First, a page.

Baby bottle tooth decay or “bottle rot” is an all-too-common problem which can usually be prevented. Here’s how you can avoid this serious issue and keep your child’s teeth healthy for years to come.
What Is Baby Bottle Tooth Decay?
Baby bottle tooth decay occurs when sweetened drinks or liquids with natural sugars (such as formula, milk and fruit juice) adhere to an infant’s newly developed teeth for extended periods of time. Because oral bacteria thrive on this sugar, they can quickly proliferate and generate acids that attack the teeth.
Parents increase the risk of baby bottle tooth decay when they dip their child’s pacifier in sugar or syrup. Giving an infant a sweet drink at nighttime or nap time is particularly harmful since the flow of saliva diminishes during sleep. While baby bottle tooth decay usually happens in the front teeth of the upper jaw, other teeth can also be affected, leading to decay which requires treatment.
Baby Bottle Tooth Decay Treatment
Treatments vary depending on the age of a child and the severity of the condition. At the earliest signs of decay, fluoride treatments, varnish or supplements may be enough to remineralize teeth.
If decay is identified at later stages, more aggressive treatments may be required including the use of stainless-steel crowns, according to The American Academy of Pediatric Dentistry. In very severe instances, decaying teeth may even need to be extracted. This is more likely when teeth have decayed so much they simply cannot be restored.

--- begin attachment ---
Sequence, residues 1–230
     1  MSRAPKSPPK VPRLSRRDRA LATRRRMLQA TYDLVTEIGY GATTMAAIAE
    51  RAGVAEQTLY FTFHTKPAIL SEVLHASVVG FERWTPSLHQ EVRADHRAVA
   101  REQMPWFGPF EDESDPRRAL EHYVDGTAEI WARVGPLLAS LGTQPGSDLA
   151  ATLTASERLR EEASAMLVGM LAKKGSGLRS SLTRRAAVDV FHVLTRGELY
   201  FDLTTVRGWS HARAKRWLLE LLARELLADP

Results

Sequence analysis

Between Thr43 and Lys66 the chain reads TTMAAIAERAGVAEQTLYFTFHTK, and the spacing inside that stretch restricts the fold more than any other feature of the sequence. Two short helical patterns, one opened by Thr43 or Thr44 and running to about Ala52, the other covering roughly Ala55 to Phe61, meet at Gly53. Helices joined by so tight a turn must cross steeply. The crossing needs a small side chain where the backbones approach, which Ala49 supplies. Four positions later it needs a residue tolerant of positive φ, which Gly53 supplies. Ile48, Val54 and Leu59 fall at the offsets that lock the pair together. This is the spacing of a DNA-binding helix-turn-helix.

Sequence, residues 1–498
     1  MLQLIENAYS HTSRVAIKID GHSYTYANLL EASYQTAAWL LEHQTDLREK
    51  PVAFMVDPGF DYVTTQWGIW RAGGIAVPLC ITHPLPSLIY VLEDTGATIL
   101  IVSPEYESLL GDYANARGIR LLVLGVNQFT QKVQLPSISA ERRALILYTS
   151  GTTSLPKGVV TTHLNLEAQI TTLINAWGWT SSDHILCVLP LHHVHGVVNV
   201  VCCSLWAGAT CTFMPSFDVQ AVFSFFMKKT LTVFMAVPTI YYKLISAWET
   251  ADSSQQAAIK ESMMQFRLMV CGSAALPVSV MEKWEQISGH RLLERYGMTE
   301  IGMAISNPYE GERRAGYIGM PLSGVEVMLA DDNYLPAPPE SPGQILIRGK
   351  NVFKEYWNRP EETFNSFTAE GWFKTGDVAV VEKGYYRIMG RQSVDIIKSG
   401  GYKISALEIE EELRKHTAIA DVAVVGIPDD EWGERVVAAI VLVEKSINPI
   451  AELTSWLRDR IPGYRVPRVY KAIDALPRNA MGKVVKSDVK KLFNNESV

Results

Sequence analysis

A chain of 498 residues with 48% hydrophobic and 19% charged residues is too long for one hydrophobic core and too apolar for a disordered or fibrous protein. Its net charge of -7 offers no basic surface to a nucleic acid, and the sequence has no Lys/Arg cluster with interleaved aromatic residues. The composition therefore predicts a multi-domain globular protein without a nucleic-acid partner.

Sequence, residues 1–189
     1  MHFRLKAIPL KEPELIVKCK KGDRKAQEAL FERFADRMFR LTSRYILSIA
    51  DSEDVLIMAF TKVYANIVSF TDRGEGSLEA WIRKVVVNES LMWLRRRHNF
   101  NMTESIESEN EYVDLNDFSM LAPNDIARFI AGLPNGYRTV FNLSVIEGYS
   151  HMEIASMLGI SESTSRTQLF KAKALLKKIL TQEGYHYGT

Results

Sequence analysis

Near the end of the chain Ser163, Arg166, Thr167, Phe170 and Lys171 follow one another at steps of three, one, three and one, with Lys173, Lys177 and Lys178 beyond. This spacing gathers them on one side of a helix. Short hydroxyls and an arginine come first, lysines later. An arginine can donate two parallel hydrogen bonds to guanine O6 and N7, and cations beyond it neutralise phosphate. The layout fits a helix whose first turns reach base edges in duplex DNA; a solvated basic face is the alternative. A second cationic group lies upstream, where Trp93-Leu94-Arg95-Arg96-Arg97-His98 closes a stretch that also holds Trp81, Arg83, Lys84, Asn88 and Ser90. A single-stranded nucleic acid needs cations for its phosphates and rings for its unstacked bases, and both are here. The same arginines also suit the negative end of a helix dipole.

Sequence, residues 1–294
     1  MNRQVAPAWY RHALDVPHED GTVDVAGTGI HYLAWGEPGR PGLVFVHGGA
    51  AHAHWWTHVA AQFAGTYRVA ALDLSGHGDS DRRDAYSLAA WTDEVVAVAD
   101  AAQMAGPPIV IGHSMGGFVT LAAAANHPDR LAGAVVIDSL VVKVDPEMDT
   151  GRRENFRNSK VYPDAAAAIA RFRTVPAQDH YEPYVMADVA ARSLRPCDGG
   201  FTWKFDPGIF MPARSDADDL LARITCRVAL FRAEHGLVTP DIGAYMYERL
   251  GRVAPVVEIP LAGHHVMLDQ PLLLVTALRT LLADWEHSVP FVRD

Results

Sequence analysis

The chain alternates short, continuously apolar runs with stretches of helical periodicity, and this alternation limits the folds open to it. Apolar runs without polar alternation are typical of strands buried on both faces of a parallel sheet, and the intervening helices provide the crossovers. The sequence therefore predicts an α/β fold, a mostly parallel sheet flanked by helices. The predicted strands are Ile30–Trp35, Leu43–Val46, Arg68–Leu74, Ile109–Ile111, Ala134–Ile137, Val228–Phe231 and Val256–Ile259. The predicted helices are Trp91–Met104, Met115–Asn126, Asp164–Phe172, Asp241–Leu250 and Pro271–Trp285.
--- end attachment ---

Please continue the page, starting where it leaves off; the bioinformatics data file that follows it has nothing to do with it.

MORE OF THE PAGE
Reducing the Risk of Baby Bottle Tooth Decay
You can reduce the risk of baby bottle tooth decay with the following tips:
- Always wipe down your baby’s gums with a clean washcloth or gauze pad before every feeding.
- Start brushing your child’s teeth without any toothpaste when you see the very first tooth erupt.
- Once all of your baby’s teeth have erupted, start flossing between each one daily.
- Never fill bottles with sugar water or soft drinks.
- Dilute fruit juice with about 50 percent water.
- Never let your child fall asleep with a bottle of anything except water.
- Don’t give your baby a pacifier dipped in something sweet.
- Limit the sugar in your child’s diet, especially between regular meals.
- Gradually start diluting the contents of each bottle with water over 2 to 3 weeks.
- If your local water supply doesn’t contain fluoride, ask your dentist if you need to use a supplement.
- Schedule routine visits with a pediatric dentist starting when the first tooth appears.
Since the premature loss of baby teeth can lead to development and alignment issues, it’s important to take steps to preserve your child’s oral health as soon as you notice his or her very first tooth.